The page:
Six killed in north Iraq attacks
20 August, 2013
MOSUL: Attacks on Monday killed six people in Iraq, as gunmen defied massive government operations to stem some of the worst violence to have hit the country in five years.
Security forces have mounted some of the biggest operations targeting militants since the 2011 withdrawal of American troops, but analysts and diplomats say Iraq is not tackling the root causes of the unrest.
Prime Minister Nuri al-Maliki has nevertheless vowed to press on with the campaign in a bid to combat the country's worst bloodshed since 2008, with more than 3,500 people killed since the start of this year and the interior ministry describing Iraq as a "battleground".
Monday's attacks were concentrated in Mosul, a predominantly Sunni Arab city in northern Iraq that has long been one of the country's most violent areas.
Three workers in a carpentry shop were shot dead by militants, while two policemen were gunned down in a pre-dawn attack on a checkpoint, officials said.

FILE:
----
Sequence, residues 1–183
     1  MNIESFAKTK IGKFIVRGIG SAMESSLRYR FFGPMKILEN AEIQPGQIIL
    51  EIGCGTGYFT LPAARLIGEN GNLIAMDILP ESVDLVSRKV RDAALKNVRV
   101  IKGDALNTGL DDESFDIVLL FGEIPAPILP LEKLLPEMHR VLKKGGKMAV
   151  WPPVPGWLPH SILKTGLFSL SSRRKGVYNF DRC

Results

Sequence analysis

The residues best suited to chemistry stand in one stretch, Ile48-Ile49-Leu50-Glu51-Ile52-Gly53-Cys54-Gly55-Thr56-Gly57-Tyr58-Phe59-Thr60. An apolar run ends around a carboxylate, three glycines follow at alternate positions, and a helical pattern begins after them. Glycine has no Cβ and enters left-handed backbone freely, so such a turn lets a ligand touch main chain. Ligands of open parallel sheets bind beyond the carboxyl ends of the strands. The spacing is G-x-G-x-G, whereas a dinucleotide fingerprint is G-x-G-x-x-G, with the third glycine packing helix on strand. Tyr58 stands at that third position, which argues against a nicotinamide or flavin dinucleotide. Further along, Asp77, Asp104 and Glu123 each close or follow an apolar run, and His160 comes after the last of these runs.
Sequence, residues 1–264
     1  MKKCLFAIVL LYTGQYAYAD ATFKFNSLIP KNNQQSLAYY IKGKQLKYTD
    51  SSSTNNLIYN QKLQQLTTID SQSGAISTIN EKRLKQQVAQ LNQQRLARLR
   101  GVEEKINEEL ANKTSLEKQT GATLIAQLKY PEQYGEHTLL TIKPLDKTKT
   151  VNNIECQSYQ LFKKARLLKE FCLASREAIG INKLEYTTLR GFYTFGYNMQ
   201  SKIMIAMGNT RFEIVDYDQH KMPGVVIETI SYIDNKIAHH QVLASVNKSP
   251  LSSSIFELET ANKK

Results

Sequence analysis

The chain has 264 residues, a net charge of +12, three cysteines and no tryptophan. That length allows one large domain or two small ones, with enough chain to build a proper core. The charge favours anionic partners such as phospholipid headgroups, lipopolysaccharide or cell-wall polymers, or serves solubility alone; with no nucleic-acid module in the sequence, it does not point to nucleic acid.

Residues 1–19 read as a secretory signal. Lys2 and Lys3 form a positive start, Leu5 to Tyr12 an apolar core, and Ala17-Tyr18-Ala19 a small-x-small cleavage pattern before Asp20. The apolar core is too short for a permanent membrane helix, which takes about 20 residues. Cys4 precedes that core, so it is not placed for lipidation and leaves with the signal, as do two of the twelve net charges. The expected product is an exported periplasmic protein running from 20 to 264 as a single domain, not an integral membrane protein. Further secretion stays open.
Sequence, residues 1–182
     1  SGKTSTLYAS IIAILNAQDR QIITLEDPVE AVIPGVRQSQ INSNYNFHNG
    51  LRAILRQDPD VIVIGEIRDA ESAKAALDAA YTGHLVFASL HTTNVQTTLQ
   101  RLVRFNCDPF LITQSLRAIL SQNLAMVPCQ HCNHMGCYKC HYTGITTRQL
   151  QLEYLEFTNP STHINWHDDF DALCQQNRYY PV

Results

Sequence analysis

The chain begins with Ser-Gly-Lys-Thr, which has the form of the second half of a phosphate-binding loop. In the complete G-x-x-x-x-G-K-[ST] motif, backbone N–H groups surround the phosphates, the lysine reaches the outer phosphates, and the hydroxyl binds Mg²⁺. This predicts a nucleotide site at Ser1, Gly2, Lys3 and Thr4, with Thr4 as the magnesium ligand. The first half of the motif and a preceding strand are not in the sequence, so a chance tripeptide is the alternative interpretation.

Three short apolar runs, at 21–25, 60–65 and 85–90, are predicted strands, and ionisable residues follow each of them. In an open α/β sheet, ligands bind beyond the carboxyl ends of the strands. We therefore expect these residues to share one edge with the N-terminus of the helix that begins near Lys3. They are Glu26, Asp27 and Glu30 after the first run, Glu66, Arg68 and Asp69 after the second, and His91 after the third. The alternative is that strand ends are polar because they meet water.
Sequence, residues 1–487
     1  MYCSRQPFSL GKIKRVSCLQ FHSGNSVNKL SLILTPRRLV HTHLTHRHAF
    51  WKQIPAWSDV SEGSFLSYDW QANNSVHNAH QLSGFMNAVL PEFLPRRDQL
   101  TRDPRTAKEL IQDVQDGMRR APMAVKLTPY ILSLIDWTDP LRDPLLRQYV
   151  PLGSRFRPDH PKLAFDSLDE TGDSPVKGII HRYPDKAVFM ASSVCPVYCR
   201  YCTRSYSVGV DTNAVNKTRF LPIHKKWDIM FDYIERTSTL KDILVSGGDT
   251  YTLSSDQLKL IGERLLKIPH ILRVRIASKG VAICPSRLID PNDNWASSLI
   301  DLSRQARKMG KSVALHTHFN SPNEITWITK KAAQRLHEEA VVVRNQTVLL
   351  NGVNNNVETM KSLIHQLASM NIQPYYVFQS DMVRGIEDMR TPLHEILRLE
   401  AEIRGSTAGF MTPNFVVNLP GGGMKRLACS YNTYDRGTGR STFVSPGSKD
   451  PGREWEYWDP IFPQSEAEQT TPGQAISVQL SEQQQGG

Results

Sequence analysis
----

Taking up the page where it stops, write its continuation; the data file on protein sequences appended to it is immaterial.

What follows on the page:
Gunmen also killed a man from the small Kurdish sect known as Shabak outside his house in Mosul.
The 30,000-strong Shabak community is present in 35 villages in Nineveh province near the border with Turkey, with many members wanting to join the autonomous Kurdish region of northern Iraq.
The Shabak people speak a distinct language and largely follow a faith that is a blend of Shia Islam and local beliefs.
The community was persecuted under ousted Iraqi dictator Saddam Hussein, and after the 2003 US-led invasion of Iraq they were targeted numerous times by al Qaeda.
Also in Mosul, security forces said on Monday that they arrested 15 people on terrorism-related charges, and found a cache of weapons and bombs to the east of the city.
South of Mosul, security forces also claimed to have found four spy drones equipped with cameras ostensibly used to observe military and other sensitive sites. They did not give details on the capabilities of the drones, or whether they had been in use.
Violence has markedly increased in 2013. Analysts and diplomats link the upsurge of attack to anger among Sunni Arabs over their alleged ill-treatment at the hands of the Shia-led authorities, which they say has given Sunni militant groups more room to recruit and carry out attacks.